On his way home on June 27, 1969, Craig Rodwell came across a huge crowd in front of the Stonewall Inn, a gay bar in Greenwich Village, as it was being raided by police. At the time, police raids were common; but on this night, the police unexpectedly experienced furious opposition from people in the bar and passerbys. Compelled to stay, Rodwell called New York papers to gather press coverage of the riot right away. The morning after, the reports from daily newspapers like the New York Daily News, Village Voice, and the New York Times were not entirely positive, yet, they still created heightened feelings and unprecedented coverage. This is the moment that Rodwell, along with other gay rights activists, have been waiting for. The Stonewall Riots was definitely not the first demonstration in gay history. But, its momentum in the press has made it memorable enough to establish it as one of the leading-events in gay rights activism.
In addition to being at the forefront of the Stonewall Riots, Rodwell’s contribution to the gay rights movement in the 1960s has been extensive. Here are more moments of Rodwell’s activism around Greenwich Village:
Pickets: Rodwell and other organizers of the East Coast Homophile Organizations’ (ECHO) protesting against military practice of excluding gays from serving on September 14, 1964. After the success of this first demonstration, a series of groundbreaking public-pickets followed. One picket, organized by Randy Wicker, took place at the Great Hall of Cooper Union on December 2, 1964 in protest against a psychiatrist’s lecture titled: “Homosexuality, a Disease.” Alongside Wicker, Rodwell stood outside of the Great Hall’s entrance wearing signs “WE REQUEST 10 MINUTES REBUTTAL TIME,” and handed out homophile literature.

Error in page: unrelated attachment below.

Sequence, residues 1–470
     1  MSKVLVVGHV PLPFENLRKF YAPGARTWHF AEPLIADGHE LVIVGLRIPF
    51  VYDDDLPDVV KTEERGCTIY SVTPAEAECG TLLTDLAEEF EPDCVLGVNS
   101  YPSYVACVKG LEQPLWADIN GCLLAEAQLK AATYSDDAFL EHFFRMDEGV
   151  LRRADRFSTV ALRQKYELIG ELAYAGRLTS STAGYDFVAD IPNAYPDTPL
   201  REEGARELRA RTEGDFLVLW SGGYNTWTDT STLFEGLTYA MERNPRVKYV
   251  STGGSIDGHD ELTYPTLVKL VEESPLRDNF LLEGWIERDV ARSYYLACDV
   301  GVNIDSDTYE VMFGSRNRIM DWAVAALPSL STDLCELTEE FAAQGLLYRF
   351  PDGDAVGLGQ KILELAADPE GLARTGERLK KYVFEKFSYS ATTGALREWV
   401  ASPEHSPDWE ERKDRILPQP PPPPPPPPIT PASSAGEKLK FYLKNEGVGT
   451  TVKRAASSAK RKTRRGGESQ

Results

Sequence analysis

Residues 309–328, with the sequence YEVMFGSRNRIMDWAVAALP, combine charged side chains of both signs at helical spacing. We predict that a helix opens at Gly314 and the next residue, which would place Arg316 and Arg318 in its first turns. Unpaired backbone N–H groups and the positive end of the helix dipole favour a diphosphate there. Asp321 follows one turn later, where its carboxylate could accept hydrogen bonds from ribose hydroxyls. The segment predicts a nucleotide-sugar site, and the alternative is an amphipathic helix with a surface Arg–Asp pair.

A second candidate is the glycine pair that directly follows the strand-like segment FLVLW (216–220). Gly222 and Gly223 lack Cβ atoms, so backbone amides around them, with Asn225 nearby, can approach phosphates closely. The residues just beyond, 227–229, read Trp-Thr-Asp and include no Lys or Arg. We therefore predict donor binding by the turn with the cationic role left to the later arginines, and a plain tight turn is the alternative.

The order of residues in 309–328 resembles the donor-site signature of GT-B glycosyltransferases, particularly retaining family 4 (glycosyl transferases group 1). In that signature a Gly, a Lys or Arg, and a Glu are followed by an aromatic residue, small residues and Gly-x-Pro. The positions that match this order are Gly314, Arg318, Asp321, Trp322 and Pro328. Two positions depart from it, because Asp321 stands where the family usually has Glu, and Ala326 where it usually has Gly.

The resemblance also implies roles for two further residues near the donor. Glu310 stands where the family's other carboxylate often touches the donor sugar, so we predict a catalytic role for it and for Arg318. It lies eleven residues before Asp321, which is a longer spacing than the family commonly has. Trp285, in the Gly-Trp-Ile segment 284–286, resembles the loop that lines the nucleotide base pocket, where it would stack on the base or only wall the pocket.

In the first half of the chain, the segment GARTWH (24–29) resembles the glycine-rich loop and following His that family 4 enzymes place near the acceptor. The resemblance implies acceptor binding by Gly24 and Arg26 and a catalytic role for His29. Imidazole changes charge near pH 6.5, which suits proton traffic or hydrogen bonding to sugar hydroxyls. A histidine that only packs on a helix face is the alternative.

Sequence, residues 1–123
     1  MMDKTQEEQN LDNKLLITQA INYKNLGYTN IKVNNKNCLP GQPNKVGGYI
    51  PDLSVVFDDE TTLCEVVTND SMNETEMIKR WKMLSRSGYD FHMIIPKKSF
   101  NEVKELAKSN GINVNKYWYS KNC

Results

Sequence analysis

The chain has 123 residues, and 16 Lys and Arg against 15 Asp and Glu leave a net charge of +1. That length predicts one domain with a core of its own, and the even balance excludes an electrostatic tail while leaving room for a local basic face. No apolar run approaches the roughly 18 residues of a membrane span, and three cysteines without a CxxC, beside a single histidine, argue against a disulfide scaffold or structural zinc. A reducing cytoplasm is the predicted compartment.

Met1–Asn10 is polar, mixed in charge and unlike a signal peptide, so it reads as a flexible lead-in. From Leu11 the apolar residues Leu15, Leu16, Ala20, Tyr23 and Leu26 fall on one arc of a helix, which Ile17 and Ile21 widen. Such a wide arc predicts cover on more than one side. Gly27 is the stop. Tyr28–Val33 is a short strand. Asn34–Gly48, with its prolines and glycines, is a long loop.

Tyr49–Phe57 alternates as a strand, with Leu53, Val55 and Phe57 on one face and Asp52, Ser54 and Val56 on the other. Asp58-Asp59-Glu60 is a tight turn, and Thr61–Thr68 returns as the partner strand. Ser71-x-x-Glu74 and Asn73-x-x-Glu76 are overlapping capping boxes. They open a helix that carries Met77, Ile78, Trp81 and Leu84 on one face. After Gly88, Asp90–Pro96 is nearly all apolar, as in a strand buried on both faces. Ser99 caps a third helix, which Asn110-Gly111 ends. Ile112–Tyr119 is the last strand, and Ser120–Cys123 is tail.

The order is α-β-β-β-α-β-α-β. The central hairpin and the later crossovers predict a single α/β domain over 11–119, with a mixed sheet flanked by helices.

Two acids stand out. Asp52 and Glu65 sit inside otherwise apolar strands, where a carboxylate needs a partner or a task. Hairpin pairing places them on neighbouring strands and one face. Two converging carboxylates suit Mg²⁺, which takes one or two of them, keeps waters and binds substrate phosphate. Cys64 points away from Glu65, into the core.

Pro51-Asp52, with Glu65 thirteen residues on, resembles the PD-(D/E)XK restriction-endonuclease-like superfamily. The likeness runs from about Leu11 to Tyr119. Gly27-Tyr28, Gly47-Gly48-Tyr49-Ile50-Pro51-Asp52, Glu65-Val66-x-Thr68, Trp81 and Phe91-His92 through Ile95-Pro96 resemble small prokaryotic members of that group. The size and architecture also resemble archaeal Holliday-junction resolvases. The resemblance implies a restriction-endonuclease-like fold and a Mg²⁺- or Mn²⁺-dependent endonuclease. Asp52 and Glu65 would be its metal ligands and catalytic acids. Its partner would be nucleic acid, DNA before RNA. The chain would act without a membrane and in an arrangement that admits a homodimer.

“Sip-In” Protests: On April 21, 1966, Rodwell and other members of the Mattachine Society were refused service at Julius’ Bar. This picture, later published in The New York Times and the Village Voice, sparked a revoking of the New York liquor laws that prohibited service to gay customers. Still at 159 West 10th Street, Julius’ Bar now stands as New York’s oldest gay bar.
Oscar Wilde Bookshop: Rodwell opened the first bookstore dedicated to gay literature on November 24, 1967 in its first location at 291 Mercer Street. Here, Rodwell founded the Homophile Youth Movement in Neighborhoods (HYMN), a bookshop-based group that voiced for popular issues such as the end of Mafia and police presence in gay bars. Later moving to 15 Christopher Street, the Oscar Wilde Bookshop was just stores away from the Stonewall Inn. The bookstore also served as an organizing-space for the national “Christopher Street Liberation Day”, what is now annually celebrated as Pride.
The 50th Anniversary of the Stonewall Riots is approaching in June and New York City is planning to host the largest celebration yet for World Pride. Arranging for people to fly in from all around the world to attend, New York City is organizing a jam-packed month of events including a Human Rights Conference, VIP Rooftop Parties, workshops, networking events, and of course, the famous Pride March! The route of the march, starting at 26th Street & 5th Avenue and ending at 23rd Street & 7th Avenue, will touch LGBTQ historic sites around the Greenwich Village area.